Philippine national budget

Ombudsman Martires changes tune, vows probe into pandemic funds

Lian Buan

OMBUDSMAN. File photo of Ombudsman Samuel Martires.


The comprehensive fact-finding will include PS-DBM and the Pharmally contracts, says the Ombudsman

In a change of tune, Ombudsman Samuel Martires said on Thursday, September 9, that there would be a comprehensive fact-finding inquiry into the government’s pandemic spending.

The probe will include the procurements and fund utilization by the Department of Health (DOH) and the Procurement Service of the Department of Budget and Management (PS-DBM).

“When the COA (Commission on Audit) report came out, August 12, in a memorandum to investigators dated August 12, I expanded the scope of the investigation to cover all – on the alleged overpricing of procurement, to the allegations of non use or unutulized equipment, and the allegations of expired medicines,” Martires said Thursday during the House appropriations committe hearing on his office’s proposed 2022 budget.

This is a different position that Martires is taking on the matter. In an August 12 press release, he said, “The Office of the Ombudsman will await the completion of the auditing process as the agency is given the opportunity to ensure full implementation of all audit recommendations.”

COA has flagged the DOH in its audit report, showing the mismanagement of P67 billion worth of pandemic funds.

Martires further said in that press release, “Should there be non-compliance or disagreement in the implementation of the recommendations and observations of the auditors, the matter may still be elevated to the COA en banc, which has the final say on the matter.”

‘No one is spared’

Since then, more investigations have unraveled questionable contracts awarded by the PS-DBM in 2020 and 2021 under its former head Lloyd Christopher Lao.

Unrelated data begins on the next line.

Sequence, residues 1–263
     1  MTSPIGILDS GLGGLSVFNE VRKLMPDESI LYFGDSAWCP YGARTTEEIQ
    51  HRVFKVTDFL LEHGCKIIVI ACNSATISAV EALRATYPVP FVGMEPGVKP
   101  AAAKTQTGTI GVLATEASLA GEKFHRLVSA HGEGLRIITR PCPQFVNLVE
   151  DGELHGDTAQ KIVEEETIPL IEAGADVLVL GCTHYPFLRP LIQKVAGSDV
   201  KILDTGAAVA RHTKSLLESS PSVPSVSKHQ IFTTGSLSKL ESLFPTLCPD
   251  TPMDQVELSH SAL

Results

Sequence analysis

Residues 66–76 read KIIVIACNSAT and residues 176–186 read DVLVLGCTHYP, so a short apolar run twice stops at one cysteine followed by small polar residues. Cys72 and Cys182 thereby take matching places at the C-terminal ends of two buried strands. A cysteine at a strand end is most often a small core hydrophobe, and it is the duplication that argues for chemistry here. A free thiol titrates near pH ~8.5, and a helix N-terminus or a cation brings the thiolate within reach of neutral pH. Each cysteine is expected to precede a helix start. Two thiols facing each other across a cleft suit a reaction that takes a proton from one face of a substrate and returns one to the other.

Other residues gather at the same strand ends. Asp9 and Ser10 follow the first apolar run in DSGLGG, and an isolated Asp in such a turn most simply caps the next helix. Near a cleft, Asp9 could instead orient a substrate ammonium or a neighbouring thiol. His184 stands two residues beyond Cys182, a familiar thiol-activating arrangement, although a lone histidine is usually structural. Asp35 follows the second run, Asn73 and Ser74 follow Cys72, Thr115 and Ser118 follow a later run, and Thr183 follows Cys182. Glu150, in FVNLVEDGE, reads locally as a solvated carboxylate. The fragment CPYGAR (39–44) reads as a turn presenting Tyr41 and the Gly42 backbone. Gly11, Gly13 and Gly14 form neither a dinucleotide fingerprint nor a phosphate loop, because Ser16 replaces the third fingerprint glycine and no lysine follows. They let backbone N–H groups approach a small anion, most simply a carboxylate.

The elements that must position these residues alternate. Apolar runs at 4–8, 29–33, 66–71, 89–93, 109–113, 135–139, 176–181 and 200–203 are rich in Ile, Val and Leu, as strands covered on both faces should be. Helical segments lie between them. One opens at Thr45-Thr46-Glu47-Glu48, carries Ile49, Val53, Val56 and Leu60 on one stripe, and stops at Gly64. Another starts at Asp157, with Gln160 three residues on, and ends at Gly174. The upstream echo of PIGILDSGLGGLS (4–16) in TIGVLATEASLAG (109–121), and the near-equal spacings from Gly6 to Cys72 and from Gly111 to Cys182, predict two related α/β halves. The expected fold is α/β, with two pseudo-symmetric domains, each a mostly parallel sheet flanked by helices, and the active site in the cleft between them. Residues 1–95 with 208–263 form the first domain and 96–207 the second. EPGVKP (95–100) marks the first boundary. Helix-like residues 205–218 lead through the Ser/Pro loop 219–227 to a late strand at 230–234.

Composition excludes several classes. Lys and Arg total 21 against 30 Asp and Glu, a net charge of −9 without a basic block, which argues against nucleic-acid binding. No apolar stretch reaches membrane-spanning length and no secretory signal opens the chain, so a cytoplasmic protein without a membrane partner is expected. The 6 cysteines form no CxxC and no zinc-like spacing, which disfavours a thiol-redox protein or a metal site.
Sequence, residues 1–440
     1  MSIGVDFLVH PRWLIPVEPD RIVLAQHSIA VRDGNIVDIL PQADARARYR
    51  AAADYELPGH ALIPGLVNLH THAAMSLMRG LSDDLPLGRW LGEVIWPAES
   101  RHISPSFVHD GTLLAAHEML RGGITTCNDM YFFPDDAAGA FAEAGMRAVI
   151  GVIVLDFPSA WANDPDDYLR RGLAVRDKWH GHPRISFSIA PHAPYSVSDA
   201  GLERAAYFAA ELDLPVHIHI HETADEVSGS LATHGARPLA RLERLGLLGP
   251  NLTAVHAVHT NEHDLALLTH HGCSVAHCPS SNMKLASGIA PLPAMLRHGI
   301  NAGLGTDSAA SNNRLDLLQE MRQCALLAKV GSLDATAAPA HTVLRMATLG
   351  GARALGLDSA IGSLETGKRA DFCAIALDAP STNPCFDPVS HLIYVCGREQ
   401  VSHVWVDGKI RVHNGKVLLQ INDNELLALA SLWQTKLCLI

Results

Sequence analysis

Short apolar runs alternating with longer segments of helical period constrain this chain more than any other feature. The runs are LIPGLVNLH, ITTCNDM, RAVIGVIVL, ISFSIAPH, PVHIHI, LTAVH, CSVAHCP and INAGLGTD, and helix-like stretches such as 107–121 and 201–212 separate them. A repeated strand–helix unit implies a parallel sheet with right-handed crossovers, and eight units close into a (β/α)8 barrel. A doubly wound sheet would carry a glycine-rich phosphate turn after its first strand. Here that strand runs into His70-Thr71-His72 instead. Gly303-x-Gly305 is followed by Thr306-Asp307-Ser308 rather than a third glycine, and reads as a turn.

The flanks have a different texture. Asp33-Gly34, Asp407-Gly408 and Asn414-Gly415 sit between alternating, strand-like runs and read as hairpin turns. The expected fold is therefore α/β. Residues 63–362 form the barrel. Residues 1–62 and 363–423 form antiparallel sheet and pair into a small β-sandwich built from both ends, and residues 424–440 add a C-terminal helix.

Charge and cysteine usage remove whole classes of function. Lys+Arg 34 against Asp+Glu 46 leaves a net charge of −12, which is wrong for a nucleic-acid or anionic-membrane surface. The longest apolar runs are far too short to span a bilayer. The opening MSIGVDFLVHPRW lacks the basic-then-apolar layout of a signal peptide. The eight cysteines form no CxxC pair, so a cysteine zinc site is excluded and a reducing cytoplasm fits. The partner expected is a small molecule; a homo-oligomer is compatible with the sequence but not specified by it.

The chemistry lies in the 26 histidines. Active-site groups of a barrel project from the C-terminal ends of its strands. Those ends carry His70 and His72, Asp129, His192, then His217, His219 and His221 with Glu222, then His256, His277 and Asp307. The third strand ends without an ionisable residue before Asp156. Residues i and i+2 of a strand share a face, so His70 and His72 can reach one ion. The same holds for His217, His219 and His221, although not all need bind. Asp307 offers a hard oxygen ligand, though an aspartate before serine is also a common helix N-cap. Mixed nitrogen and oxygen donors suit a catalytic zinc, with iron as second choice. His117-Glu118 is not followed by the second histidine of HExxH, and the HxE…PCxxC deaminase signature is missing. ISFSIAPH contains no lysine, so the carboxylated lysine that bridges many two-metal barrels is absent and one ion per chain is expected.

Senate Minority Franklin Drilon, one of the movers in the ongoing Senate blue ribbon committee hearings on pandemic spending, has particularly called PS-DBM’s award of so far P10 billion in contracts to a small foreign-led firm Pharmally Pharmaceutical Corporation as a “planned plunder.”

One of Drilon’s basis for saying so is because the DOH transferred P41 billion to PS-DBM for procurements, when COA said it lacked the required memorandum of agreement. Senators also questioned the prudence of passing on to PS-DBM a kind of procurement that the DOH already had an expertise for.

Asked by Bayan Muna Representative Ferdinand Gaite if the expanded fact-finding inquiry would cover Lao and Pharmally, Martires said, “Wala hong tao (no one) will be spared from the investigations.”

COA will also examine Pharmally contracts, Chairman Michael Aguinaldo told the House of Representatives during their own budget hearing last week.

A fact-finding inquiry is not yet a criminal proceeding. The fact-finding team will recommend either terminating the probe or file a complaint. The latter will trigger the criminal preliminary investigation by a separate bureau within the Office of the Ombudsman.

Martires opened a fact-finding inquiry into the DOH in June 2020, prompted by the first reports that there were delays in procuring personal protective equipment (PPEs) and releasing the hazard pay of health workers.

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Budget increase

Martires on Thursday appealed to lawmakers to restore the P710 million budget cut they suffered in the National Expenditure Program (NEP), or even to increase it further.

Their DBM-approved proposed budget for 2022 is P3.9 billion, which is P710 million lower than their current 2021 budget of P4.7 billion. The Office of the Ombudsman enjoys fiscal autonomy, and their charter guarantees that their budget cannot be reduced to an amount lower than previous years.

If they will have it their way, they actually want P4.8 billion, which Martires said would mainly go to hiring more investigators for their fact-finding and preliminary investigation bureaus.

If these bureaus expand, investigations will proceed more efficiently and quickly, the Ombudsman said. Martires added it would help put a stop to the so-called “parking” modus, which involves these bureaus supposedly getting paid to sit on investigations so the complaints would be dismissed for inordinate delay.

“I share their (lawmakers’) views, their fears that cases take too long, we share the same views. Our desire to fight corruption is one and the same. Don’t worry, whatever you will give us, we will accept it, we will still hire even if there is a budget cut,” said Martires in a mix of English and Filipino. –

Lian Buan

Lian Buan covers justice and corruption for Rappler. She is interested in decisions, pleadings, audits, contracts, and other documents that establish a trail. If you have leads, email or tweet @lianbuan.